WATERVILLE — A 76-year-old presidential hopeful told a standing room only crowd Friday at Colby College that young people who promote truth will help change history.
And Republican Ron Paul, in the midst of a six-stop tour this weekend in Maine, said changes need to be made.
If the United States government heeded the Constitution, many of the country’s problems would be solved, Paul said during a 35-minute speech in Ostrove Auditorium.
The 12-term congressman from Texas came to Maine after Thursday night’s debate in Jacksonville, Fla.
The other three Republican presidential candidates — Mitt Romney, Newt Gingrich and Rick Santorum — reportedly planned to campaign in Florida until Tuesday’s primary there. At stake in Florida are 50 delegates, all of which go to the primary winner. Maine will select 24 delegates, which are split among the candidates.
A Quinnipiac poll released Friday morning had Romney with 38 percent of the vote in Florida and Gingrich with 29; the same poll showed Paul and Santorum battling for a distant third.
Paul said Friday he came to Maine to get all-important delegates. The caucuses begin Sunday with the three in Fairfield, Palermo and Unity.
To win the Republican presidential nomination, a candidate needs 1,144 of the 2,286 available delegates.
While it has been popular for Republicans to bash President Barack Obama, Paul said the country’s foreign policy has been misguided since Woodrow Wilson was president in the early 20th century.
The United States should have a strong national defense, Paul said, but it should stop trying to be the “policeman of the world.”
Bringing troops home would save money and lives, he said.
Paul said American troops are in more countries now than ever and that in Iraq “we took a messy country and made it much messier.”
He also bashed the fiscal policies of the last 40 years that have led to the nation’s $16 trillion debt.
At the very least, Paul said the Federal Reserve should undergo a full audit.
“We’re in the middle of a crisis that started four years ago,” he said. “Just because we print money and build weapons doesn’t help people. This monetary system is not viable.”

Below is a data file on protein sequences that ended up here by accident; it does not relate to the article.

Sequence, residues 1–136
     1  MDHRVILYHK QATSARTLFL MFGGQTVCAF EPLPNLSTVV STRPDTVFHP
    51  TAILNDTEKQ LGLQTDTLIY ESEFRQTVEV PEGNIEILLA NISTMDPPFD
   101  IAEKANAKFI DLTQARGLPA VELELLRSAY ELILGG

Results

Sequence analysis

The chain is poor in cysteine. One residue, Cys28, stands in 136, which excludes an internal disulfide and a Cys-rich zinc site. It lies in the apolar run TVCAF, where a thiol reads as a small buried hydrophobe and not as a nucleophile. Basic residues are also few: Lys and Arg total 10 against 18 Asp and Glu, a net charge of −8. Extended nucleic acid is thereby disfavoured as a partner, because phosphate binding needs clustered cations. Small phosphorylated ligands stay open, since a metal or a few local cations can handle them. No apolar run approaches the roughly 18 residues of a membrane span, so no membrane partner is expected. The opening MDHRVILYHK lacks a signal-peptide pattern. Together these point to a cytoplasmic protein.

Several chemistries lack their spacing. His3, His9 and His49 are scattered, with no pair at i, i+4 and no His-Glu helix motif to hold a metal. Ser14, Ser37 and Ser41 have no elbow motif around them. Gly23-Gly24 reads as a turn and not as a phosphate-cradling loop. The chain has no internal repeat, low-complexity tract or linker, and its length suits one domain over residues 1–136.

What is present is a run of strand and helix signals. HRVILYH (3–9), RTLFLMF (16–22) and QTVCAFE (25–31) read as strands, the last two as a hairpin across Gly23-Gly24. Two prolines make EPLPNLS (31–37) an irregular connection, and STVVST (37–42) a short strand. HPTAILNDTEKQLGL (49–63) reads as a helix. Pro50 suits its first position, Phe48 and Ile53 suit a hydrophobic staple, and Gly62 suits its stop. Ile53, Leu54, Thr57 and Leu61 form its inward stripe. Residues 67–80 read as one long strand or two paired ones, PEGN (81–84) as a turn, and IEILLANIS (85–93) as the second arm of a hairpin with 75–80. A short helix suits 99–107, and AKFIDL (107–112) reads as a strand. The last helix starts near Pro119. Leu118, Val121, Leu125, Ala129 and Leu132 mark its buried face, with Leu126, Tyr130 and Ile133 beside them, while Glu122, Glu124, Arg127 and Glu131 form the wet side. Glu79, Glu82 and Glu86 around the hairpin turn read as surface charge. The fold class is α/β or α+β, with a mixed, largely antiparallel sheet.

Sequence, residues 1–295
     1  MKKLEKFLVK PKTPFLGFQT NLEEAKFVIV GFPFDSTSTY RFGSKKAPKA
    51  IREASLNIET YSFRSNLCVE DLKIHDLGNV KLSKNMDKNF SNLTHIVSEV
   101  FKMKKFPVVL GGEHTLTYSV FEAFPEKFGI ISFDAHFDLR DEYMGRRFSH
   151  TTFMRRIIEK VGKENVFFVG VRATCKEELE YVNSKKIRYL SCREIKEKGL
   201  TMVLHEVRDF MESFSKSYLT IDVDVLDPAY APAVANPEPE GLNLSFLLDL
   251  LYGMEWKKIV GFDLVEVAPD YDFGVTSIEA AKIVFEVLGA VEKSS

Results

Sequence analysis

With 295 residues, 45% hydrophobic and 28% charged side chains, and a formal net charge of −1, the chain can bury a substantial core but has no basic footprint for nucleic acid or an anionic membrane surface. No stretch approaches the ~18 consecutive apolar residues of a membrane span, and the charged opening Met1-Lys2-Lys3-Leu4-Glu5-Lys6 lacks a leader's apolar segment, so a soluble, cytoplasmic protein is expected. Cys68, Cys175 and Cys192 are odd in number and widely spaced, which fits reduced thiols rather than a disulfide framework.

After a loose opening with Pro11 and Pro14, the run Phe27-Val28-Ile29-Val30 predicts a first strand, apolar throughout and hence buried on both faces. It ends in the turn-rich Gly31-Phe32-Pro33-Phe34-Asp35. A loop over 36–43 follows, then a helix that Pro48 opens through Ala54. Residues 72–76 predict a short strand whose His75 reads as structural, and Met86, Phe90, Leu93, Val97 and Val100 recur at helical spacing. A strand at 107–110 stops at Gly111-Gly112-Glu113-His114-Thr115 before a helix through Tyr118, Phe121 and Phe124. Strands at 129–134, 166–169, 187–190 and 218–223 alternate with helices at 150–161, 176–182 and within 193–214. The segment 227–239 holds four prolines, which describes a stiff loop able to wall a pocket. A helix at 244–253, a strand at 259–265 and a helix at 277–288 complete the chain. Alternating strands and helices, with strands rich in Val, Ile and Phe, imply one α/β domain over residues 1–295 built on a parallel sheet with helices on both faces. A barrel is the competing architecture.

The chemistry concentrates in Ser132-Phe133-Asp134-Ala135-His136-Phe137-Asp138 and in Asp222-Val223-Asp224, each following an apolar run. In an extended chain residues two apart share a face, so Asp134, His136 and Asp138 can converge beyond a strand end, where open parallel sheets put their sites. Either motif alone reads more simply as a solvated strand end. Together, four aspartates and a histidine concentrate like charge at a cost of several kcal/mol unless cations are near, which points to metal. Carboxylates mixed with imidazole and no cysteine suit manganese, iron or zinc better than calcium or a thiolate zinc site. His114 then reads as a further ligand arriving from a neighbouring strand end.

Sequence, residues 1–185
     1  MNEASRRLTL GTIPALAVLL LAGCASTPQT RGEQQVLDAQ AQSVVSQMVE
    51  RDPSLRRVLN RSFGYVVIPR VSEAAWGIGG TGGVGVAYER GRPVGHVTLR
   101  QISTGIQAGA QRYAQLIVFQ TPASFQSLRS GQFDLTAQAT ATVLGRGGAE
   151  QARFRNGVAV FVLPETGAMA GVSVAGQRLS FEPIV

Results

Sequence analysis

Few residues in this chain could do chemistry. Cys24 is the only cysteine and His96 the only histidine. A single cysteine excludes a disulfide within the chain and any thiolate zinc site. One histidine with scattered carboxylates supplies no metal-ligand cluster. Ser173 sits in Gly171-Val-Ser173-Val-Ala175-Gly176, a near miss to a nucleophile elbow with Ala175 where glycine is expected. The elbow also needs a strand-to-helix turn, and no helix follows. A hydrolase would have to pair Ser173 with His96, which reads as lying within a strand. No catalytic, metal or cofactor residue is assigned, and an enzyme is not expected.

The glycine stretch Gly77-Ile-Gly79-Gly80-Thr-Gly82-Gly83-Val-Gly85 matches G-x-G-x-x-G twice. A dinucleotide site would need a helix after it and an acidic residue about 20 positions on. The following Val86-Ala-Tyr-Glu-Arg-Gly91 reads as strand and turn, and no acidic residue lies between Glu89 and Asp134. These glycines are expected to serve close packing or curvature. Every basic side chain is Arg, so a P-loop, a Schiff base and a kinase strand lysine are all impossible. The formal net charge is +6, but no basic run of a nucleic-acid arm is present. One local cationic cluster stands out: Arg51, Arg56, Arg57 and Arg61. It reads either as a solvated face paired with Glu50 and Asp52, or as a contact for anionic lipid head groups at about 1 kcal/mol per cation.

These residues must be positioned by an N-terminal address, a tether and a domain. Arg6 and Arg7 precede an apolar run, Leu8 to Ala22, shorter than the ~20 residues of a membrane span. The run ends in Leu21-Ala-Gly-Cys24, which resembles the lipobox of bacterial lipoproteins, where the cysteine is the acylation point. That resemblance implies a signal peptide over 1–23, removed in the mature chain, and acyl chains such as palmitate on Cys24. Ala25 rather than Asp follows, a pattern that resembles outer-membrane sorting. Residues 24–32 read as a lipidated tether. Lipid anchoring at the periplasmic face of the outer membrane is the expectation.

Paul’s promise to cut $1 trillion out of the budget his first year as president drew a round of loud applause from the audience.
Citing the tea party and Occupy movements, Paul said people are waking up.
“People are not happy with the two major parties,” he said. “Our empire is going to come apart.”
Paul said after 9/11 the government has not protected citizens’ civil liberties. He condemned the Patriot Act and the portion of the National Defense Authorization Act that allows the military to detain citizens in the United States and hold them indefinitely without trial.
Paul, a physician, said the government also intervenes too much with regard to what people put in their body, mouth and lungs.
“Some people will make mistakes and they will suffer the consequences,” he said. “But when bureaucracies make mistakes, it affects all of us.”
Colby government professor Joseph R. Reisert said Paul stuck to themes that often resonate with college students — liberty and noninterventionist foreign policy.
Avram Reisman, a junior at Colby, said he backs Paul because he promotes peace, advocates ending the war on drugs and supports personal liberties.
Brian Russo, a Colby junior, said “Paulitics” inspires youth that they can change the country.
“This is a watershed moment,” Russo said. “We have a viable conservative libertarian who offers pragmatic solutions.”
As people waited in line to have their picture taken with the presidential hopeful, Ron Paul’s wife, Carol, chatted with those milling around the auditorium.
She recalled their earlier days together before politics.
When Paul was doing his medical residency in Detroit, Mich., and they lived on $215 a month, Carol Paul said she taught tap, ballet and twirling to help pay the $150 per month rent bill.
“It was a wonderful time,” she said. “We made our own fun; we played cards.”
Beth Staples — 861-9252